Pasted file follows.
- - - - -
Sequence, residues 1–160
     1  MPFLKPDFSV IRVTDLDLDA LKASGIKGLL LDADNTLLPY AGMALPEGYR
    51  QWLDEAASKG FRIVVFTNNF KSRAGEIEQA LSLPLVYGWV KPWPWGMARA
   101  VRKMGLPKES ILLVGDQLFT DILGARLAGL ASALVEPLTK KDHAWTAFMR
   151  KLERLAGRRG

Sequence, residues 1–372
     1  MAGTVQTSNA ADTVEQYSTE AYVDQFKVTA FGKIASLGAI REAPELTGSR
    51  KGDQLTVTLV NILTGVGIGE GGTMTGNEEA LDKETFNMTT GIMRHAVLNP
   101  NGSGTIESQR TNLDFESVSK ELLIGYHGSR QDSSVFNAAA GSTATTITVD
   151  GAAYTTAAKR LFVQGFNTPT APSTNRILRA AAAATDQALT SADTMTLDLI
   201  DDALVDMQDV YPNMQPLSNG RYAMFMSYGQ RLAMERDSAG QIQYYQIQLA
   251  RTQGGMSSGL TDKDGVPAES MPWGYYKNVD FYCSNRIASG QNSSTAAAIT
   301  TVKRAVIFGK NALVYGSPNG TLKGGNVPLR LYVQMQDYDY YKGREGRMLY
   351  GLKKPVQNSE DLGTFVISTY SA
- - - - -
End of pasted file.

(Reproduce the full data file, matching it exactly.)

Sequence, residues 1–160
     1  MPFLKPDFSV IRVTDLDLDA LKASGIKGLL LDADNTLLPY AGMALPEGYR
    51  QWLDEAASKG FRIVVFTNNF KSRAGEIEQA LSLPLVYGWV KPWPWGMARA
   101  VRKMGLPKES ILLVGDQLFT DILGARLAGL ASALVEPLTK KDHAWTAFMR
   151  KLERLAGRRG

Sequence, residues 1–372
     1  MAGTVQTSNA ADTVEQYSTE AYVDQFKVTA FGKIASLGAI REAPELTGSR
    51  KGDQLTVTLV NILTGVGIGE GGTMTGNEEA LDKETFNMTT GIMRHAVLNP
   101  NGSGTIESQR TNLDFESVSK ELLIGYHGSR QDSSVFNAAA GSTATTITVD
   151  GAAYTTAAKR LFVQGFNTPT APSTNRILRA AAAATDQALT SADTMTLDLI
   201  DDALVDMQDV YPNMQPLSNG RYAMFMSYGQ RLAMERDSAG QIQYYQIQLA
   251  RTQGGMSSGL TDKDGVPAES MPWGYYKNVD FYCSNRIASG QNSSTAAAIT
   301  TVKRAVIFGK NALVYGSPNG TLKGGNVPLR LYVQMQDYDY YKGREGRMLY
   351  GLKKPVQNSE DLGTFVISTY SA